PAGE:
In hockey, this is the off-season, but, really, is there such a thing anymore?
It’s often said the game is a year-round business, not just the seven or eight months games are played.
Wolves players leave Sudbury after the season is done, but that doesn’t mean they leave the game. I often hear players say they look forward to getting home to enjoy a couple of weeks off, before it's back into the gym and onto the ice to be ready for next season.
Back in the old days, players took the off-season off and didn’t think about hockey until a couple of weeks before training camp.
Of course, the competition for roster spots has changed that way of thinking. No longer can players take for granted that their place on a team is secure. How many times have you heard that for every player picked, there are two or three others chomping at the bit for an opportunity?
Also, junior hockey players, like those on the Wolves, are, for the most part, teenagers. Their bodies are changing constantly; they’re getting bigger and stronger and they need to make sure their fitness levels keep pace.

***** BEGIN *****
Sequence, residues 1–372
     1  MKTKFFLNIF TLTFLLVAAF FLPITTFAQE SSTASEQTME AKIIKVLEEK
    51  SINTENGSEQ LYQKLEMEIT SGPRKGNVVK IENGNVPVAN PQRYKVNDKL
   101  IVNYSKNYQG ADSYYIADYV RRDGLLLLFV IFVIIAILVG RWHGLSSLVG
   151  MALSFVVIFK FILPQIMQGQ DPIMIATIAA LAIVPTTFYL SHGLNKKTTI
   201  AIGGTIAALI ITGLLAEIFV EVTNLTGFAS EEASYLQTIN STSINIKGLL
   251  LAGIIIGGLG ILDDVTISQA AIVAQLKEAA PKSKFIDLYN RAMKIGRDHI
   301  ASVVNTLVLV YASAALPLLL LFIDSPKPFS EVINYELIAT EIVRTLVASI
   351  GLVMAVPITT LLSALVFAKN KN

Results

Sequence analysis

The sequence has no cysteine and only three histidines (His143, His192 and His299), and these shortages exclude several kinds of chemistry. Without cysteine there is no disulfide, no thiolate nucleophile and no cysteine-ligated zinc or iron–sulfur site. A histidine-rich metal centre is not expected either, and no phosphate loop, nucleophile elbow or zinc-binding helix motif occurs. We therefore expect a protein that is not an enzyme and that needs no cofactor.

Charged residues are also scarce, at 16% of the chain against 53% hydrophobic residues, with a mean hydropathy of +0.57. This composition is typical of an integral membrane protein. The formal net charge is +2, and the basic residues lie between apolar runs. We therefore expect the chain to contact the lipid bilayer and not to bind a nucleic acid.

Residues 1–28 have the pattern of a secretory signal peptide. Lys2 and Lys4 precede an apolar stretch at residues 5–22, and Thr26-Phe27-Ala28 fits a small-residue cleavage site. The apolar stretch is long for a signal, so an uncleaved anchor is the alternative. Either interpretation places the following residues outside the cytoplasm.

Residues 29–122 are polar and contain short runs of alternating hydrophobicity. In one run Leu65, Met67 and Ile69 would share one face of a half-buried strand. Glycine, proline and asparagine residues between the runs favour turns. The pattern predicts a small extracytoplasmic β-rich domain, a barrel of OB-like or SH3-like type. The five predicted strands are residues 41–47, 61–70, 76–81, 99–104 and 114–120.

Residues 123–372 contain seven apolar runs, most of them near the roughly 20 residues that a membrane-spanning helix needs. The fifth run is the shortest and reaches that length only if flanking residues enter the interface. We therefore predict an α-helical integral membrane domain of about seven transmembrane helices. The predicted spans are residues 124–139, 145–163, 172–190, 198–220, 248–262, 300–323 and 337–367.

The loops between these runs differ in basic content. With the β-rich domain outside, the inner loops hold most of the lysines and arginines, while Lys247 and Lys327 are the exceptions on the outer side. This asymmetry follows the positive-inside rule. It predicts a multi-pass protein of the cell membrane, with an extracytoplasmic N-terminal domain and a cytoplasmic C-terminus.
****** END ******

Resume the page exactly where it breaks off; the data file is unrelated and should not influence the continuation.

That said, I like what Wolves coach Paul Fixter had to say at the team’s recent orientation camp. Most of the players who took part hadn’t been off the ice that long, so were still in decent shape and hadn’t yet started thinking about the off-season.
But Fixter stressed the off-season was just as important as the playing season. He wanted them to compete hard at the camp and make use of the off-season fitness plan provided, but he also urged them to find down time.
Fixter hit the nail right on the head. It is so easy to stay emerged in the game year round, but without a break, you are likely doing more harm than good.
When you look at the players who competed at the recent Memorial Cup, they were going non-stop until the end of May. That translates into nine months of high-level competition.
Don’t forget, these players are on the ice almost daily. Including pre-season, regular season and the playoffs, they play close to 100 games.
The NHL season goes to mid-June with well over 100 games, but they’re not kids — it’s a job and they get well paid for their efforts.
Junior hockey players are kids. They might have the ability, commitment and determination of professionals, but that doesn't mean they are, yet. And some will never be.
Paul Fixter is right. Players need time away from the game to rest and recharge their batteries.
But most of all, they need time just to be kids.
Stew Kernan is the radio and television voice of the Sudbury Wolves, and the News Director at KiSS 105.3 and Q92.